Ambrose Bierce is said to be one of the greatest writers of his time, and this is shown through his short story, “An Occurrence at Owl Creek Bridge.” The story is one of a man, Peyton Farquhar, who is from the south and wants to help the Confederacy out, so much so that he is willing to put his life at stake to destroy a Union blockade. Through the use of point of view, symbolism, and irony in Bierce’s, “An Occurrence at Owl Creek Bridge,” the reader is able to understand the main character, Peyton Farquhar, and his mentality as he is dying.
The bridge is another center for symbolism and irony in the story. The reader is told that Farquhar is an “original secessionist and ardently devoted to the Southern cause” (Bierce 73). In the story Farquhar is tricked by a Union scout and is drawn to the bridge in which a Union blockade is stationed upon. A bridge is usually used to symbolize the bringing together of two parts and uniting them as one which is similar to what Abraham Lincoln was trying to do in the beginning of the Civil War. The irony here is that this bridge did not symbolize the bringing together of two parts instead it just showed how separated and against each other the North and South really are at this time period. Peyton Farquhar’s name itself is symbolic as said by George and Judy Cheatham, “â€¦such a pair of names [Peyton Farquhar], of course, well suits a “well to do planter””(Cheatham 45) but in the story Farquhar goes beyond just being a well to do planter and instead becomes a martyr for the Confederate cause . In the story the author is not so much focused on Farquhar himself but instead the mentality of Farquhar and the things that are going on around him. In the story there is much more symbolism and irony, such as the noose in the story. For Farquhar the noose represents death, but for the soldiers the noose might symbolize a small victory that has been won by killing a Confederate rebel. A person can’t stand up for what they believe because they will be choked out by the stronger society and the government, and the noose is a symbol of that. The reader is told that Peyton Farquhar is a “well-to-do planter from Alabama” (Bierce 73) and a “student of hanging” (Bierce 73). Also from Conlogue the reader knows that “Farquhar grows hemp” (Conlogue 37). And the irony of this is that he has spent his life living around hemp and working with hemp and then he dies from a noose made of hemp. At the end of the story whenever Farquhar is swinging from the bridge it is similar to way that rope is actually made, by spinning the hemp round and round until a rope is formed. The irony is that Farquhar actually spent most years of his life making and growing hemp, and interestingly enough he may have even been hung by his own rope that he made. Although all seemingly unrelated the symbolism and irony of the story, “An Occurrence at Owl Creek Bridge” does in fact contribute to the mentality of Peyton Farquhar as he is dying.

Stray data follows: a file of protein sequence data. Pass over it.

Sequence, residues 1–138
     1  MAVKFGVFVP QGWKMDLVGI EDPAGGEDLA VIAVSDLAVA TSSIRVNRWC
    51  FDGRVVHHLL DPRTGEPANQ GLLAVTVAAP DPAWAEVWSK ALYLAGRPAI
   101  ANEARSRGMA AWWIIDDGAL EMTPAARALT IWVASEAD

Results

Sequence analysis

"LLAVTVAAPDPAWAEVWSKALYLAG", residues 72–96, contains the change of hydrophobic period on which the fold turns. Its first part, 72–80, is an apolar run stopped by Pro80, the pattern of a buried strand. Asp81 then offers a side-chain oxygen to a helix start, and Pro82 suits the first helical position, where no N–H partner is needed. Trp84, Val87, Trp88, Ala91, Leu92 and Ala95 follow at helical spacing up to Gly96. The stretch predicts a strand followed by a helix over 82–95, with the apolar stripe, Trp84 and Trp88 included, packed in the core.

One must remember that if it weren’t for the different points of view made by the author then the story wouldn’t have held the same effect that it did and the reader wouldn’t have gotten as full of an insight into the mentality of Peyton Farquhar as he is dying. The symbolism all ties together and allows the story to be understood on many different levels by readers. One of the most interesting points in the story is that through the different points of views and flashbacks the author was able to write a story that made sense and wasn’t perplexing to the reader. The symbolism and irony throughout the story is somewhat hidden but once looked at a bit deeper it all becomes easily understood. In conclusion, throughout the story, “An Occurrence at Owl Creek Bridge”, the point of view changes many different times and with that and the irony and symbolism found throughout the story the reader is able to get a clearer picture of the mentality of the main character, Peyton Farquhar and how the mind reacts to death that it knows is coming.